I am doing a project on Huffman coding and wanted to know when it wouldn't be ideal to use or rather when would the Huffman coding produce low compression. Since it mainly revolves around the frequencies of the characters present in the input text, I believe the answer is also going to be related to that.

This is what I got from wiki.

The worst case for Huffman coding can happen when the probability of a symbol exceeds 2^(−1) = 0.5, making the upper limit of inefficiency unbounded.

So if a character appears more in our input text, would it ensure good or bad compression? According to wiki, if the probability of symbol exceeds 0.5 (meaning that if a character appears more in our input text), it would be produce bad compression. But from what I understand, in Huffman coding, the more a character appears, the more better it is for us to get compression right?

Well anyway I just want to know in which type of files or text data, our Huffman coding would get bad compression. Maybe I am overthinking, but a little help would be great.


P.S: I don't think this question is subjective, I know that there is a specific answer to it. All I want is a worst case, I don't presume it's subjective?


According to NIST:

The worst case for Huffman coding (or, equivalently, the longest Huffman coding for a set of characters) is when the distribution of frequencies follows the Fibonacci numbers. For this and other relations see Alex Vinokur's note on Fibonacci numbers, Lucas numbers and Huffman codes.

According to Alex Vinokur a sample Huffman encoding of a sample Fibonacci distribution was 2.3846 times longer than the original. See example 3.1.1.
As I understand it the inefficiency gets worse as the alphabet increases which is why wikipedia talks about unbounded inefficiency.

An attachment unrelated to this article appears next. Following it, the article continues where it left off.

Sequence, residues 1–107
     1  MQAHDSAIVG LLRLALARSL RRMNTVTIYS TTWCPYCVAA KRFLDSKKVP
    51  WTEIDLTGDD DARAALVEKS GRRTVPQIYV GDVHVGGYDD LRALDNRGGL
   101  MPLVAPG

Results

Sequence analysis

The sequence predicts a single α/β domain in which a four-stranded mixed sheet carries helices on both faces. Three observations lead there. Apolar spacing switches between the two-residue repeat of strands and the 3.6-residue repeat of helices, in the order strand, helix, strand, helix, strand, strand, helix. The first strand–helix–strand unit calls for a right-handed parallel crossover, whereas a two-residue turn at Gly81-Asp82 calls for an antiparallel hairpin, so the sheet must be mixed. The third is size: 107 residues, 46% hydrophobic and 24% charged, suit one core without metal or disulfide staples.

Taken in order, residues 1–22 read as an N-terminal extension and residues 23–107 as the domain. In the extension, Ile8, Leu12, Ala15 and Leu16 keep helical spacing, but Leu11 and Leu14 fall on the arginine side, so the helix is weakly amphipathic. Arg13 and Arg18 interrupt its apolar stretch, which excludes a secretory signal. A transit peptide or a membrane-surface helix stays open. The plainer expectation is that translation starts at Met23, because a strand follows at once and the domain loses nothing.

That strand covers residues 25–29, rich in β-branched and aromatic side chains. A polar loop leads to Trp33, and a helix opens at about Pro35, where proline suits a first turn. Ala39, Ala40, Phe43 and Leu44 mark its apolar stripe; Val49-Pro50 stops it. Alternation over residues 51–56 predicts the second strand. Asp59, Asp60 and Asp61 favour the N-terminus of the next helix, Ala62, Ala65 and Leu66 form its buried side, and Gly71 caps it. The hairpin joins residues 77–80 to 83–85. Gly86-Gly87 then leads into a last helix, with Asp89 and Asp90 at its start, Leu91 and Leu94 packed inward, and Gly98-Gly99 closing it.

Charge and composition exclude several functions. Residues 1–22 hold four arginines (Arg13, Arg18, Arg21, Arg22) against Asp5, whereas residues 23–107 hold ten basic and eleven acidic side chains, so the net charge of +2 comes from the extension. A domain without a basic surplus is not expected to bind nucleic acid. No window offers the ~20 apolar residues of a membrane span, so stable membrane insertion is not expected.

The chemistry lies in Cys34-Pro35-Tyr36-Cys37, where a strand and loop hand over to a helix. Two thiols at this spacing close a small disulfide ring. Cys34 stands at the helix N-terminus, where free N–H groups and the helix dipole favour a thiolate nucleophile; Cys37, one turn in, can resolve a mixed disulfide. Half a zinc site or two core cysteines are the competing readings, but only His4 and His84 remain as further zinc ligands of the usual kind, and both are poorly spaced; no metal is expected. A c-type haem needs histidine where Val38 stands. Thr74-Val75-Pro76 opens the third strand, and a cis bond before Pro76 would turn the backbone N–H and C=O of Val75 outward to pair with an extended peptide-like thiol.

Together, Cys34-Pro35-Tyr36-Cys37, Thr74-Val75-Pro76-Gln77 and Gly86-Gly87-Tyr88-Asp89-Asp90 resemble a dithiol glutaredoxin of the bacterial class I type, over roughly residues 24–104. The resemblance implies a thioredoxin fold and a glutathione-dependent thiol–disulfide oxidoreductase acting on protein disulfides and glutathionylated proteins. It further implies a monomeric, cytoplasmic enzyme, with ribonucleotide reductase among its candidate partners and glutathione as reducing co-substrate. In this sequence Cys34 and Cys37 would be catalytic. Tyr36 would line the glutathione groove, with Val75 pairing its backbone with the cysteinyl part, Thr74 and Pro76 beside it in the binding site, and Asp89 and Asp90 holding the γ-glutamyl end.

Note that is not the fact that a single character is prevalent that's the issue it is the distribution of the frequencies that's the problem.

A more useful description comes from your wikipedia quote:

The worst case for Huffman coding can happen when the probability of a symbol exceeds $2^{-1} = 0.5$, making the upper limit of inefficiency unbounded. These situations often respond well to a form of blocking called run-length encoding;

This happens when a few letters in the alphabet are much more prevalent then others; a skewed distribution as described in the NIST quote above.
This is common in uncompressed bitmap files.

The reason for this is that:

The Huffman algorithm considers the two least frequent elements recursively as the sibling leaves of maximum depth in code tree. The Fibonacci sequence (as frequencies list) is defined to satisfy F(n) + F(n+1) = F(n+2). As a consequence, the resulting tree will be the most unbalanced one, being a full binary tree.

This is why run length coding or other forms of compression are usually applied prior to Huffman coding.
It eliminates many of the worst case scenario's for Huffman coding.
If it turns out the run length encoding is suboptimal it can simple be skipped.

Zip's deflate algorithm uses de-duplication + run length encoding followed by huffman encoding.

Huffman codes and binary trees
A Huffman code is closely related to a binary tree, however unlike a binary tree a Huffman code only stores its information in the leaf nodes.
The optimal input for Huffman compression is one where the output tree is fully balanced. I.e. where all letters of the Huffman alphabet are equally likely, but where more bits are used in the encoding than needed.
E.g. a text file where 8 bits per character are used even though only 64 different letters are in use. The distribution of letters in a typical language is much flatter than a Fibonacci sequence and thus well suited to Huffman.

Note that it is not necessary the case that all input letters for Huffman should be same size, they can very well be different sizes.
Usually this is not considered in order to simplify the implementation.

Strategies for avoid worst case behavior
Do a frequency analysis on your input data prior to Huffman encoding.


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